August 16, 2017; 10:30 p.m. ET
Register to attend SAMHSA’s 2017 Voice Awards! Help honor people in recovery and their family members who are community champions seeking to improve the lives of people with mental illnesses and addictions. The Voice Awards also recognizes television and film productions that educate the public about behavioral health and showcase that recovery is real and possible. Due to high demand, please reserve your seat (whether in-person or online) no later than Friday, August 4, 2017.
August 14, 2017; 2:00-3:00 p.m. ET
Join SAMHSA’s SMVF TA Center on Monday, August 14 at 2:00 p.m. ET for the Update on the VA’s New Activities and Direction: Strengthening and Expanding Behavioral Health Care for Veterans webinar. This webinar will provide a policy-level overview of the U.S. Department of Veterans Affairs’ (VA’s) recent efforts to increase access to behavioral health care and address suicide prevention. Areas that will be covered include the expansion of emergency mental health coverage to veterans with other than honorable discharges, the initiative to eliminate veteran suicide, MyVA community collaborations and partnerships, changes to the Choice program, plans for the adoption of a new electronic health record system, and other behavioral health access initiatives.
When it comes to treating pain and substance abuse, the Department of Veterans Affairs (VA) is recognized by many as a leader in the pain management field and the responsible use of opioids across the VA health-care system. “Recent studies and stories have pointed to VA’s success in its approach to pain management and responsible use of opioids with our Veteran patients,” said VA Secretary David J. Shulkin.
VA announced it is resuming full operations of the Program of Comprehensive Assistance for Family Caregivers. The resumption follows an April 17 decision to temporarily suspend certain clinical revocations from the program to conduct a strategic review aimed at strengthening the program. “VA has taken immediate steps to improve the program’s operations,” said VA Secretary David J. Shulkin. M.D. “Our top focus during the review has been to listen, evaluate, and act swiftly to make changes that will better meet the needs of our veterans and caregivers. This does not mean our work is done. We will continue to refine and improve this important program.”
VA and Department of Defense (DoD) released an updated version of the VA/DoD Clinical Practice Guideline for the Management of post-traumatic stress disorder (PTSD) and Acute Stress Disorder (ASD). The new version incorporates research conducted since the last revision in 2010 and covers treatment for both PTSD and ASD. There are several new recommendations, so both seasoned and new mental health practitioners should take time to review it.
Doctors may prescribe opioid medications to treat severe or chronic pain. But using them comes with notable risks—especially for those coping with PTSD, traumatic brain injury, or substance misuse.
The Association Between Discharge Status, Mental Health, and Substance Misuse Among Young Adult Veterans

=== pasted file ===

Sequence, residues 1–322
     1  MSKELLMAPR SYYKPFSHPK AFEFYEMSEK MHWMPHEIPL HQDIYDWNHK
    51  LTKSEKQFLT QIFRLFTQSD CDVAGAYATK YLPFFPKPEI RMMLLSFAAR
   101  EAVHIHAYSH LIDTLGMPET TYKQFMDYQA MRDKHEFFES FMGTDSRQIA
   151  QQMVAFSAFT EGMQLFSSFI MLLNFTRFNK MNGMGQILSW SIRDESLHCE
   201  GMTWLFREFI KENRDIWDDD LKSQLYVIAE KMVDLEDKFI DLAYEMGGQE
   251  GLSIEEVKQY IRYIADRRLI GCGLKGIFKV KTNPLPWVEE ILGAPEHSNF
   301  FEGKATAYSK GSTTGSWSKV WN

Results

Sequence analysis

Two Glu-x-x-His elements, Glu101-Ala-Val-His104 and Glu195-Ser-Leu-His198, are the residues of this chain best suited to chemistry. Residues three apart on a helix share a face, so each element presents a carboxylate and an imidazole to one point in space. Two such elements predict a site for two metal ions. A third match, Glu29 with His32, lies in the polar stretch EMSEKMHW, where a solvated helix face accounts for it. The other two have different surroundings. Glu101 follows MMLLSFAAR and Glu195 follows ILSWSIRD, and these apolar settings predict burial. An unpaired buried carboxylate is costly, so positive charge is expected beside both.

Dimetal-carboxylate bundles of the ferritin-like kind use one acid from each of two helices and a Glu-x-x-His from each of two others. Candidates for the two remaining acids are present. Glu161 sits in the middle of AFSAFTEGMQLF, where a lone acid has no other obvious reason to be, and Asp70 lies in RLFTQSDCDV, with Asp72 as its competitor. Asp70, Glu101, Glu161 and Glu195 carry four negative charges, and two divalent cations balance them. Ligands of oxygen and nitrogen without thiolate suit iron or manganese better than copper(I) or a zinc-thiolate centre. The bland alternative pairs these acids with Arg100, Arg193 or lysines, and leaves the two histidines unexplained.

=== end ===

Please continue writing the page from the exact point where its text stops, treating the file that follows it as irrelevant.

Although 85 percent of military service members are discharged honorably, veterans who engage in misconduct during military service may receive other types of administrative or punitive discharges. The discharge type not only affects eligibility for benefits, but is associated with negative downstream consequences (e.g., homelessness, criminal justice involvement). However, limited empirical research has examined the mental health and substance use-related needs of veterans who were not honorably discharged, and the few that have only focus on veterans who received punitive discharges. This study addressed gaps in the research literature on discharge status by examining differences in mental health, substance use, and attitudes toward psychological treatment among veterans who received honorable, general under honorable conditions, and other than honorable discharges.
Military veterans bring experience and skills of great value to the workforce. This document describes services that help veterans with a disability enter the workforce and find fulfilling employment. Some of the services are open only to veterans, but many of them are available to any American with a disability.
The men and women who served our country in the military can count on Social Security to be there for them throughout their lives. Active duty military members earn credits toward Social Security retirement benefits. Wounded Warriors can receive expedited handling of their claims to receive disability benefits. We also provide survivor benefits for young children and spouses of veterans who have died.
When you need information about your TRICARE health care benefits, turn to TRICARE.mil. In addition to this website, there are a number of resources to help you learn about your coverage and important health issues. Take a look at seven ways to get smart about TRICARE.
On Monday, July 24, VA Secretary Dr. David J. Shulkin addressed an audience of Veterans of Foreign Wars and Auxiliary members at the Veterans of Foreign War 118th National Convention in New Orleans, Louisiana. In his remarks, Shulkin spoke on the five key priorities he has identified to transform VA. The first of those five priorities is to give veterans greater choice.
A behavioral healthcare clinic dedicated to veterans and their families has found a home in Fayetteville, North Carolina. The Stephen A. Cohen Military Family Clinic marked its grand opening with a special ceremony featuring Medal of Honor recipient Sergeant Kyle White. White survived a rocket propelled grenade blast in Afghanistan but battled PTSD when he returned home.